Sadly, cymbals aren't always able to endure the continuous beating we dish out to them. When cymbals are hit too hard or with poor technique, cracks can form in theedge or the bow of the instrument. These cracks only get worse with continued use, eventually resulting in a hideous rattle each time the cymbal is struck. This rattle is caused by the two edges of a crack rubbing against each other. Large cracks can greatly reduce a cymbal's sustain and even change its tone entirely. Most drummers will stop using a cracked cymbal once the rattling becomes too much to handle, but there are ways to repurpose and even repair damaged cymbals.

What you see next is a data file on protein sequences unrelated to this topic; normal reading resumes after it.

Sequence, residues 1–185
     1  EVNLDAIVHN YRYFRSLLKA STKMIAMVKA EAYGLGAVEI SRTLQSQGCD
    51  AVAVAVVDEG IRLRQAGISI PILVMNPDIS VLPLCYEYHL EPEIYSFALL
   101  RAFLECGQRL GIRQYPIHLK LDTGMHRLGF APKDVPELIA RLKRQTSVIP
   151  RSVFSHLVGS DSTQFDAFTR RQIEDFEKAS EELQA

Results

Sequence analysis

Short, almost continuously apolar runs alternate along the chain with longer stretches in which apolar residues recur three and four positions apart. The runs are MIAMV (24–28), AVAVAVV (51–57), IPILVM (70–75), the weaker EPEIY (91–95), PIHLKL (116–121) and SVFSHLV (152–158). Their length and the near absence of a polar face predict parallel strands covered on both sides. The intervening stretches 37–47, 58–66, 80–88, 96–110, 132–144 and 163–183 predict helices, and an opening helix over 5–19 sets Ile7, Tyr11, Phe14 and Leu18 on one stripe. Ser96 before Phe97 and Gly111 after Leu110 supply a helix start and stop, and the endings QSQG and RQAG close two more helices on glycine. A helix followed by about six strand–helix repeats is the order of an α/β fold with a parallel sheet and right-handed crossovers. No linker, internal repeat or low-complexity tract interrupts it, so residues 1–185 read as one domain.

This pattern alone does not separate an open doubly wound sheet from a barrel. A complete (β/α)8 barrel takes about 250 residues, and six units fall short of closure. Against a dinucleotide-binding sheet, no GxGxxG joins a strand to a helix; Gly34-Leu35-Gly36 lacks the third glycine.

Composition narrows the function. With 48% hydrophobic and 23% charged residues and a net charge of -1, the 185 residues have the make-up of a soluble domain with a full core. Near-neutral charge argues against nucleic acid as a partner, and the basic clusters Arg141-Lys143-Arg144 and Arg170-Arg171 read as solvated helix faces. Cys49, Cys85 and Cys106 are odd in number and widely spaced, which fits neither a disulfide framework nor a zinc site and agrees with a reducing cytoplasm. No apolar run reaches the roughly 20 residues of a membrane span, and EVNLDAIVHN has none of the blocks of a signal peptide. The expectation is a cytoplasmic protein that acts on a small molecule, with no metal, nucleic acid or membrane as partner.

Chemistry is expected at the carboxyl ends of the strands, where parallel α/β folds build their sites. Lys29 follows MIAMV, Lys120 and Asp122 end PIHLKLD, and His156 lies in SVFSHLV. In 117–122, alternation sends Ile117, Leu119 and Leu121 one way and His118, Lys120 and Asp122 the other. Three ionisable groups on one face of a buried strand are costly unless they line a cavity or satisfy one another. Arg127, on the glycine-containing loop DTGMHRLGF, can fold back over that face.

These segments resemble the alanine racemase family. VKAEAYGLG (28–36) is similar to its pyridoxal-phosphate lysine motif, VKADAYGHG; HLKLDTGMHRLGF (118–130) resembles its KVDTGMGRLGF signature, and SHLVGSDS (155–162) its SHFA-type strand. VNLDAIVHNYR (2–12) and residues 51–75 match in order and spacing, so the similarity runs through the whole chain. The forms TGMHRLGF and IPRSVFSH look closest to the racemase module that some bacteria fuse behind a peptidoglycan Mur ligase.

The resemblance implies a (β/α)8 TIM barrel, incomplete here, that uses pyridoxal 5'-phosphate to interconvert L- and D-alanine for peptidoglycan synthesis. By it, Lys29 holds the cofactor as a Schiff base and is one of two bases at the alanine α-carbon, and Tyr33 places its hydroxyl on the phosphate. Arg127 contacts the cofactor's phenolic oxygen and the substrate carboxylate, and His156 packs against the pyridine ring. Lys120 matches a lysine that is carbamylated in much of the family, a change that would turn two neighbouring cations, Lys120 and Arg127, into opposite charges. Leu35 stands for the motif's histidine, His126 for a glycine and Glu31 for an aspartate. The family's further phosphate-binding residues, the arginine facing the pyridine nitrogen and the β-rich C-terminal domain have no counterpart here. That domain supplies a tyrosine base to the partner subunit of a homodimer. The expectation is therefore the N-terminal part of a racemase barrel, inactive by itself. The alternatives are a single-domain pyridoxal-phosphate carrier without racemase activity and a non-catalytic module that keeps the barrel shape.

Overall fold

Oddly enough, repairing a cymbal requires cutting a chunk of metal away from the instrument (if a crack is in the edge - bottom left picture), or drilling holes in each end of a crack (if the crack is in the bow of the cymbal). The goal is to prevent the crack from spreading further. Welding a crack shut WILL NOT WORK. Bronze is a soft metal compound and welds will split very quickly when exposed to the brutality of a drumstick. However, gouging a chunk out of a cymbal may not be worth the effort if the instrument is of lower quality. If that's the case, cymbal stacks are a great way to repurpose cymbals while adding a nice trashy effect to your setup. Just combine two or more cymbals together on a stand, use the wing nut to control the sustain, and voila! You got yourself a new, unique texture at your disposal. The stack pictured below to the right consists of an 8" splash sandwiched between a severely cracked 10" China and a severely cracked 10" splash. It has a short, sharp, gritty sound and functions nicely as an auxiliary hihat or accent piece.